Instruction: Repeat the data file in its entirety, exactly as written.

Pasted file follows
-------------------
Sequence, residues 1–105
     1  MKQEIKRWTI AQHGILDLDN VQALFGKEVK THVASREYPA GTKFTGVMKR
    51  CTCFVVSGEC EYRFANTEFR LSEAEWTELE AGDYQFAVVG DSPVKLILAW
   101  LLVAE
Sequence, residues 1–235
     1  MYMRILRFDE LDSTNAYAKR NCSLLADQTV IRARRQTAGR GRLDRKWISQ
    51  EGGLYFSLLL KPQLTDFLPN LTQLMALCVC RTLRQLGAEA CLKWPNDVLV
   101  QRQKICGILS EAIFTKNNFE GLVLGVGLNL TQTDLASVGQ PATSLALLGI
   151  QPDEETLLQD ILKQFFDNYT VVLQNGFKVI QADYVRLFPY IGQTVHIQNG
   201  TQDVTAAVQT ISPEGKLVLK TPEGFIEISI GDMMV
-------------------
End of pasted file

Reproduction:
Sequence, residues 1–105
     1  MKQEIKRWTI AQHGILDLDN VQALFGKEVK THVASREYPA GTKFTGVMKR
    51  CTCFVVSGEC EYRFANTEFR LSEAEWTELE AGDYQFAVVG DSPVKLILAW
   101  LLVAE
Sequence, residues 1–235
     1  MYMRILRFDE LDSTNAYAKR NCSLLADQTV IRARRQTAGR GRLDRKWISQ
    51  EGGLYFSLLL KPQLTDFLPN LTQLMALCVC RTLRQLGAEA CLKWPNDVLV
   101  QRQKICGILS EAIFTKNNFE GLVLGVGLNL TQTDLASVGQ PATSLALLGI
   151  QPDEETLLQD ILKQFFDNYT VVLQNGFKVI QADYVRLFPY IGQTVHIQNG
   201  TQDVTAAVQT ISPEGKLVLK TPEGFIEISI GDMMV